Many of the effective mite treatments can be used on small hives, and in combination with feeding. The OA Vapor will work on weak hives, but mites will emerge from the residual brood, so the treatment must be repeated on a 5-7 day schedule to the emergence sequence.

If you can keep the hive extant through mid-December, the Eucalyptus and Willow will bloom and the hive will take off in January. Warm and dry are watchwords, so a small Nuc works better than a big drafty hive.
 

·
Registered
Joined
·
3 Posts
Discussion Starter #9
You may need to decide which is the most pressing problem and help there first: population or mite risk. A hive without bees doesn't worry about mites. You could move capped brood to the weak hive, wait for it to emerge, then treat the hives. That would give your ailing hive a population boost and hit any newly exposed mites. A downside is mite treatments can be hard on bees too - your weak hive might not appreciate it in the short term.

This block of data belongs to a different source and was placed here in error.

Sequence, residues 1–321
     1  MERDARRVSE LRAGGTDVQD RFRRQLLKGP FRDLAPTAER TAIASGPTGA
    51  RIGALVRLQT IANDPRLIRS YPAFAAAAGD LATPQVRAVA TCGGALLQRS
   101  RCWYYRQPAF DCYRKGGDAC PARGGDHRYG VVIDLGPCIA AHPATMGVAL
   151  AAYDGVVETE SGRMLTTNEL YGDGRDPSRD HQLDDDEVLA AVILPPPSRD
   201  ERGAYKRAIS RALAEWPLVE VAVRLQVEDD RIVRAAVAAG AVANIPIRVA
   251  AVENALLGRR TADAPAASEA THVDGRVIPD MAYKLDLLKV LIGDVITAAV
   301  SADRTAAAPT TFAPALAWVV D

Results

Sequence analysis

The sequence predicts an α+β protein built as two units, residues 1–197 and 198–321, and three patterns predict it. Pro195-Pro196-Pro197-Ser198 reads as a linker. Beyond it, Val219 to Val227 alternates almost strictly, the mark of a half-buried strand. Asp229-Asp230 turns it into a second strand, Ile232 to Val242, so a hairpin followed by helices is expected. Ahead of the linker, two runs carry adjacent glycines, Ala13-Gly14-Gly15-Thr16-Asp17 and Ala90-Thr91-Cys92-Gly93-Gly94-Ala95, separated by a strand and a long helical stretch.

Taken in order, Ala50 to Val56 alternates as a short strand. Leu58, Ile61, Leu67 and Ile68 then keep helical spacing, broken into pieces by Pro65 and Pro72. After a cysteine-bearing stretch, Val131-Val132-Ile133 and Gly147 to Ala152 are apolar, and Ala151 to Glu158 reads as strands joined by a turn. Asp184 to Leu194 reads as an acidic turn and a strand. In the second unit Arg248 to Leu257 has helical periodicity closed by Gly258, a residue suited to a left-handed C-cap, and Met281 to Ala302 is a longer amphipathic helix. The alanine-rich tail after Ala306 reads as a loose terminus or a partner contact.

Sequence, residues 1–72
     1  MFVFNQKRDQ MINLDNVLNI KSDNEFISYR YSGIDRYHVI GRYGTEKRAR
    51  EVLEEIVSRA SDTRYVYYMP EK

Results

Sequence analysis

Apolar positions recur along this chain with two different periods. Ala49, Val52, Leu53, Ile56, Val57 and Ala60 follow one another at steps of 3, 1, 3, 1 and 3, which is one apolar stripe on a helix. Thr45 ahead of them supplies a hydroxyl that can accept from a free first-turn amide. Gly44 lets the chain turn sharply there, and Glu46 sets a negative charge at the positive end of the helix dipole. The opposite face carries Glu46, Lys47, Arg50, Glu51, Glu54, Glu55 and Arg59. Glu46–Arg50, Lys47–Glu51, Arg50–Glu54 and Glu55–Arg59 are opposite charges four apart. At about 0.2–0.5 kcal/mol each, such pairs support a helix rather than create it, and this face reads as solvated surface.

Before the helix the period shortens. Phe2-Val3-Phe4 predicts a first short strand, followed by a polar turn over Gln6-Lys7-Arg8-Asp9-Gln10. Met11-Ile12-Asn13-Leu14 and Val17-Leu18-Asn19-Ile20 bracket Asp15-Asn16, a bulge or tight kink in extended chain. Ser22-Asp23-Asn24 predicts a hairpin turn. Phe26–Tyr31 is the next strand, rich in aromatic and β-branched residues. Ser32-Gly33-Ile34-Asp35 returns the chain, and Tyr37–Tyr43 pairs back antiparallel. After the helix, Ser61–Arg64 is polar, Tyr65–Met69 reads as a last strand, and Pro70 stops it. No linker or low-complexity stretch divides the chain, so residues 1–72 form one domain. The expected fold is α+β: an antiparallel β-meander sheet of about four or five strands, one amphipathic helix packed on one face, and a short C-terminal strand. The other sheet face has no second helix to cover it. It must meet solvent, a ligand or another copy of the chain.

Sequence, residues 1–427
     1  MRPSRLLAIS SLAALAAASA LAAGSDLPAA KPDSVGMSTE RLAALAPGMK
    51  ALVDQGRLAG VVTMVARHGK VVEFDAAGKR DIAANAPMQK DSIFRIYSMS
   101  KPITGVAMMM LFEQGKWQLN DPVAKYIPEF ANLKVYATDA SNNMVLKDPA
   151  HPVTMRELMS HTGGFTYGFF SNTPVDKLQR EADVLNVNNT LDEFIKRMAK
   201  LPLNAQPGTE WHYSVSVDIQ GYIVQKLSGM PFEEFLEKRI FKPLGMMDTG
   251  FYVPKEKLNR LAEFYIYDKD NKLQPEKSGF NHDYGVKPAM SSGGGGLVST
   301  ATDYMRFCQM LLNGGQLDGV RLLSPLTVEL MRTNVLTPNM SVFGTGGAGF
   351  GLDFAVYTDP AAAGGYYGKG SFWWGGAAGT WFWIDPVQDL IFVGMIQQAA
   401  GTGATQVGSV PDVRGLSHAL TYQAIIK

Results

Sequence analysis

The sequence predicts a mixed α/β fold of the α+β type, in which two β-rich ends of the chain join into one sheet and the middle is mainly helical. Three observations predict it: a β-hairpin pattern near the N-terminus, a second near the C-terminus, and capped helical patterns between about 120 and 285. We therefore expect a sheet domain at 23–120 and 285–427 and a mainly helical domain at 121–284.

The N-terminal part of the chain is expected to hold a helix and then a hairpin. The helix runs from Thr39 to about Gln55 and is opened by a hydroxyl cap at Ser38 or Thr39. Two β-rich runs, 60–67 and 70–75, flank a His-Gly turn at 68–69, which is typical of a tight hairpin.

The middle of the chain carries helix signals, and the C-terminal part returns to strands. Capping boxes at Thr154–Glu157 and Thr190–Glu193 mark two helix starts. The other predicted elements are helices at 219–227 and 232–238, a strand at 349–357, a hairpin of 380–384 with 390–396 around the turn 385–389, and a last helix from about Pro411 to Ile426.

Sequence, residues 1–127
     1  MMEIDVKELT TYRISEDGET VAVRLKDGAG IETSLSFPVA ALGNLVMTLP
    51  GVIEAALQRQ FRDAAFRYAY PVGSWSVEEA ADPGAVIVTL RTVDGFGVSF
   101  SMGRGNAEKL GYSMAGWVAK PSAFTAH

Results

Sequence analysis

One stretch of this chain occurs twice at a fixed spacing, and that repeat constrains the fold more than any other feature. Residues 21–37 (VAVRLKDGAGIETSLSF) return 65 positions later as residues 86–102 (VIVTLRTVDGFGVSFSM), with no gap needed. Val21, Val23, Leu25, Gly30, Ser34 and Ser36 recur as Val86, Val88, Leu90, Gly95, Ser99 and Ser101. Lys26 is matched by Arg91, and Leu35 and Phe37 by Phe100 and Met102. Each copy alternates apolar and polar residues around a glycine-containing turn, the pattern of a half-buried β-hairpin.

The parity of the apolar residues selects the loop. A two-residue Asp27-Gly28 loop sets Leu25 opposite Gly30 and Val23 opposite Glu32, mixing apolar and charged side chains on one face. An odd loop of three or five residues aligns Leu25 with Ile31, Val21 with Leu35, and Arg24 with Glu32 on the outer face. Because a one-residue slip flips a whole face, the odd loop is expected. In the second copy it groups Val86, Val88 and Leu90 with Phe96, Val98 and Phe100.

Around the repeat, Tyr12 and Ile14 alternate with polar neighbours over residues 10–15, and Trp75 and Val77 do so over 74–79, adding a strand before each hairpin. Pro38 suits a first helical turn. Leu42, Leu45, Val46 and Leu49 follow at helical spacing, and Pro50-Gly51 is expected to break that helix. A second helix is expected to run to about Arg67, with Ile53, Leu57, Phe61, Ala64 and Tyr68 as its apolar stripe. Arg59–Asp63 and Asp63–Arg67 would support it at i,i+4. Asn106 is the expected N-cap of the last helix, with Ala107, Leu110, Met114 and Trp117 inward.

A second consideration for mite treatment is a sugar dusting. You could lightly dust the weakened hive after the donated brood emerges to knock off any mites that come along for the ride without exposing your already weakened bees to more chemicals. Sugar dusting is safe for the bees and is reported to knock off up to a third of the mites per treatment. Weekly or bi-weekly dustings may bring any mite problem you have under control without chemicals, which is especially important in an already weak hive.

It would probably also be a good idea to reduce the hive down to a nuc size so the remaining bees have less space to defend until their population increases. You should also consider an entrance reducer if you have not already installed one as the hive is probably almost defenseless against your larger hives.
I've already reduced it to a nuc size, and put on a reducer. I did the a few weeks ago. Added a pollen patty this morning. I'll just continue to monitor her each week to make sure she's showing progress. I really love this little hive, she's sweet and easy to work with, even when she was healthy and the bee's that are still there are foraging. They're working hard to keep their hive going so I'm just going to keep feeding and keep monitoring. I so appreciate your input. Thanks so much for the encouragement and advice.
 
1 - 9 of 9 Posts
Top